Uganda Cranes’ defender Henry Kalungi has donated once again, this time to families in Katanga slum, a settlement located in the valley between Mulago Hospital and Makerere University, in Uganda‘s capital city, Kampala.

Henry Kalungi donating food in Katanga slum this morning with Jacqueline Kalungi,Rich Posipanko,Susan Gunderson,Tom Gunderson

Posted by Ivan Kakembo on Saturday, January 14, 2017

The Charlotte Independence star carried with him supplies like cooking oil and other food stuffs on Saturday – meant for families that barely find a living in the poorly drained and poverty-ravaged area.

Kalungi – who was voted best defensive player of the year at United Soccer League club Charlotte Independence – feels he can make a difference in the lives of other people thanks to blessings he has realized from his talent.

“God has blessed us with so much and there is need to look back where we come from and help others,” he told Kawowo Sports.

Henry Kalungi carrying food stuffs for people living in Katanga slum Courtesy

“Through the Henry Kalungi foundation and the entire family,we want to make a difference.We want to change other people’s lives in Uganda and other places we can reach.”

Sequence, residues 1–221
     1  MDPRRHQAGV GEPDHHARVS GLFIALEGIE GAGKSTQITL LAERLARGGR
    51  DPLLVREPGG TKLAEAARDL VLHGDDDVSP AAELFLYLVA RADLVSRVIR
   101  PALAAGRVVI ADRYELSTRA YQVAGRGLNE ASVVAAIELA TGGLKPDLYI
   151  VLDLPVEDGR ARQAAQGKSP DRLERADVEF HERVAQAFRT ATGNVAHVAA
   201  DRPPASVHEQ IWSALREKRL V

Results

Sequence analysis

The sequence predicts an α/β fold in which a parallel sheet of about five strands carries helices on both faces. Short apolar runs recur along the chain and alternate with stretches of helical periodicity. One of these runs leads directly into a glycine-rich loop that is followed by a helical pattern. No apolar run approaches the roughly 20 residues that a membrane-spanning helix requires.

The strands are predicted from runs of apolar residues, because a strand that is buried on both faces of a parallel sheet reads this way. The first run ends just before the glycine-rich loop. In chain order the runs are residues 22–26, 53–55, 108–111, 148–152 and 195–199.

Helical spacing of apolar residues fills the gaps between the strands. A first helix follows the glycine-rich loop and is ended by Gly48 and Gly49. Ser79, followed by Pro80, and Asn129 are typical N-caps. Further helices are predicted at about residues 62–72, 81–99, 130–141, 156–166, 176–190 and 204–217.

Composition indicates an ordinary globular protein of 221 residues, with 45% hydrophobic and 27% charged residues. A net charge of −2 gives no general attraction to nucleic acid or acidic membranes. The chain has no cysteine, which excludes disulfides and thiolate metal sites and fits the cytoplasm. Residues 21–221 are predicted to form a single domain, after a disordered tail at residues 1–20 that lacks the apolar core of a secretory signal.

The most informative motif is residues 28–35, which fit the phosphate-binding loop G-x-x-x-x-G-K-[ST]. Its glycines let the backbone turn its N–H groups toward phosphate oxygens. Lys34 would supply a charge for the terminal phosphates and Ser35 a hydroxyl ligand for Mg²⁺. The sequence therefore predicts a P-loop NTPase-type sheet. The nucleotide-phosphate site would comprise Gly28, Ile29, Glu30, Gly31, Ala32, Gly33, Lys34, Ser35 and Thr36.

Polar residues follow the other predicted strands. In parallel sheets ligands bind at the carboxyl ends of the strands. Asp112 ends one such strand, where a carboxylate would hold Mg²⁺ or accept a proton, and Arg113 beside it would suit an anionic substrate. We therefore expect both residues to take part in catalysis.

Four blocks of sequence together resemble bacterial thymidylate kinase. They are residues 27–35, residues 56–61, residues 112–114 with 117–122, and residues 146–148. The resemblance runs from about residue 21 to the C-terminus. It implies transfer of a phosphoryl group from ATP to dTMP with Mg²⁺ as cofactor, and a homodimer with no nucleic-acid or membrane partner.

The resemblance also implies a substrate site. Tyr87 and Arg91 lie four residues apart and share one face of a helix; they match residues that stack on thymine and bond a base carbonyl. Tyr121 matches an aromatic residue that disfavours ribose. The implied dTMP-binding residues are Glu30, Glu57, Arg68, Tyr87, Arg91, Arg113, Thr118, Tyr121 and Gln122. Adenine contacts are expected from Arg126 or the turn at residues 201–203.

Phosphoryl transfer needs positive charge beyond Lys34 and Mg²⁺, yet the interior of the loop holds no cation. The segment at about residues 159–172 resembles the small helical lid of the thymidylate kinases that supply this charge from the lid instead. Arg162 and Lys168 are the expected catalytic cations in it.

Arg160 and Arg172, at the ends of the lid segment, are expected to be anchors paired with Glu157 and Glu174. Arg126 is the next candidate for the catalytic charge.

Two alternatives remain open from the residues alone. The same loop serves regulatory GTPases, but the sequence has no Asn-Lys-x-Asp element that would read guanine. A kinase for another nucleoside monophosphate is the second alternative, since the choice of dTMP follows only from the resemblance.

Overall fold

“We feel Yes we can change the kids lives but what about the families they come from? So that’s why today we went to provide food to families in the Katanga slums.

“Hopefully we can keep changing lives of people. Hopefully other people can come out and we change lives together. God gives us talents so we can make a difference in this world.”

I want to thank my family and friends through the Henry Kalungi Foundation that helped organize and work tirelessly to…

Posted by Henry Kalungi on Saturday, January 14, 2017

It was the second time Henry Kalungi was donating to the underprivileged, his first coming through two weeks ago.

Kalungi took to Buganda Road playground where he gave football related equipment such as jerseys and boots before treating slum children to a sumptuous ‘Christmas lunch’.

A glance at Katanga Slum

From a distance, the view of the slum is generally a mixture of rust and torn iron sheet roofs alongside mud wattle and papyrus-roofed structures.

On a good day, residents calculate steps between the shacks and the sewage as a stench of fresh human faeces lingers in the air to remind you that you are definitely in Katanga.

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